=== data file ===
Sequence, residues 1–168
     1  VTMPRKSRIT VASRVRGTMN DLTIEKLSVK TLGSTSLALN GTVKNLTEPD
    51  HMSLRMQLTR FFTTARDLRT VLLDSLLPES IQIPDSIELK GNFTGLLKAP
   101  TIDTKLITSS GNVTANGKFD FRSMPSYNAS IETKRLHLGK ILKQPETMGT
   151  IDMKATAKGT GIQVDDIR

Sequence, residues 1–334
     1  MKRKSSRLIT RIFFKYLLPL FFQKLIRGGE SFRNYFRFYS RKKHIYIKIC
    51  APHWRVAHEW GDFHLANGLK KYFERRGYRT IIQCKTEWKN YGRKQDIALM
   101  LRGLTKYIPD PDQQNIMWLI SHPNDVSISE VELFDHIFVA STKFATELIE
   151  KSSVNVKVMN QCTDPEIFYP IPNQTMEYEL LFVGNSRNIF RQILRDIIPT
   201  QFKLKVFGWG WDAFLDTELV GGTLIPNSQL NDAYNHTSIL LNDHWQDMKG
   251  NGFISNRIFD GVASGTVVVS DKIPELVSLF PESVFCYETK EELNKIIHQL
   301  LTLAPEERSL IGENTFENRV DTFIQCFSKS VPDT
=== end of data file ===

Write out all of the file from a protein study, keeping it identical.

Sequence, residues 1–168
     1  VTMPRKSRIT VASRVRGTMN DLTIEKLSVK TLGSTSLALN GTVKNLTEPD
    51  HMSLRMQLTR FFTTARDLRT VLLDSLLPES IQIPDSIELK GNFTGLLKAP
   101  TIDTKLITSS GNVTANGKFD FRSMPSYNAS IETKRLHLGK ILKQPETMGT
   151  IDMKATAKGT GIQVDDIR

Sequence, residues 1–334
     1  MKRKSSRLIT RIFFKYLLPL FFQKLIRGGE SFRNYFRFYS RKKHIYIKIC
    51  APHWRVAHEW GDFHLANGLK KYFERRGYRT IIQCKTEWKN YGRKQDIALM
   101  LRGLTKYIPD PDQQNIMWLI SHPNDVSISE VELFDHIFVA STKFATELIE
   151  KSSVNVKVMN QCTDPEIFYP IPNQTMEYEL LFVGNSRNIF RQILRDIIPT
   201  QFKLKVFGWG WDAFLDTELV GGTLIPNSQL NDAYNHTSIL LNDHWQDMKG
   251  NGFISNRIFD GVASGTVVVS DKIPELVSLF PESVFCYETK EELNKIIHQL
   301  LTLAPEERSL IGENTFENRV DTFIQCFSKS VPDT